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dc.contributor.authorNasiriyani, Sara 20:01:16 (GMT) 05:50:11 (GMT)
dc.description.abstractThis thesis tries to address the logistics strategy selection problem in distribution centers and transportation considering two main criteria pertaining to the decision: product characteristics and customer satisfaction. We tried to analyze the effect of product characteristics, lead time, and fill rate on the logistics strategy selection. The primary purpose of the thesis is to develop a tool with the capability of classifying products with different characteristics to their suitable logistics strategy. Due to data limitations, we first try to utilize the distribution-free bootstrap method to augment the data information and develop products with new characteristics. This is done with the help of bootstrap estimation of different fractiles of each data feature. After the data augmentation, we use a more comprehensive method to generate data based on learning of the underlying distribution of data in feature space by employing the Wasserstein Generative Adversarial Network with gradient penalty (W-GAN). This method has emerged to tackle small sample size data for generative adversarial networks. The WGAN-GP used in the thesis is constructed from a three-layer generator and discriminator with dropout later and activation function of tan h (hyperbolic tangent). Following that, we construct a multi-layer perceptron architecture network for the classification of the new products with different characteristics. The sigmoid activation function of the constructed neural network transforms the network's binary label to a continuous label of between zero and one, enabling us to employ the result as an input of a utility function. After training the neural network, different utility functions, considering lead time, fill rate, and product characteristics, are defined. Linear, quadratic, square root and logarithmic utility functions are described and compared. In this thesis, we started with a sample data size of 20 and enriched the data by incorporating field knowledge such as extreme point analysis and including single feature impact. Following that, we applied the bootstrapping method to enlarge the sample size. Finally, a W-GAN network was used to decode the underlying feature distribution and enables us to generate more samples for training the classifier. We could obtain 82% accuracy on training data and 80% on the test data which is quite a significant result given the coupling between the features.en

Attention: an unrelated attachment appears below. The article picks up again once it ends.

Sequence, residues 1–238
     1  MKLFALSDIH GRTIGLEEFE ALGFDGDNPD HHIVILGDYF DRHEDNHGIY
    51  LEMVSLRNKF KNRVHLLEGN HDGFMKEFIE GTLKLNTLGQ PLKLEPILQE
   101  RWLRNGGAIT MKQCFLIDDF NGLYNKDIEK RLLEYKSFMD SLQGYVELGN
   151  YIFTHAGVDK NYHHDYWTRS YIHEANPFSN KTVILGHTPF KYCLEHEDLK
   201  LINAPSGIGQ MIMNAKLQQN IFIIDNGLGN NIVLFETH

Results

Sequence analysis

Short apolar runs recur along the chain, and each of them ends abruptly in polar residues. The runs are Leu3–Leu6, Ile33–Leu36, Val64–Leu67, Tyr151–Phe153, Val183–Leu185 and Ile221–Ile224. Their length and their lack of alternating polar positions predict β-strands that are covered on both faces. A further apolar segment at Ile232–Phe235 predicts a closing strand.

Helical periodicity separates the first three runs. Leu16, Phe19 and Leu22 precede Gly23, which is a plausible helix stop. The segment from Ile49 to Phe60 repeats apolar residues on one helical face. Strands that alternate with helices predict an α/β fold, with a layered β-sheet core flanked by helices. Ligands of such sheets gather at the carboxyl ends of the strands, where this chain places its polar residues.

dc.publisherUniversity of Waterlooen
dc.subjectdistribution centeren
dc.subjectproduct characteristicsen
dc.titleCrossdocking vs. Traditional Warehousing: Small-Sample Data Augmentation to Assess Product Suitabilityen
dc.typeMaster Thesisen
dc.pendingfalse Sciencesen Sciencesen of Waterlooen
uws-etd.degreeMaster of Applied Scienceen
uws-etd.embargo.terms4 monthsen
uws.contributor.advisorBookbinder, James
uws.contributor.affiliation1Faculty of Engineeringen

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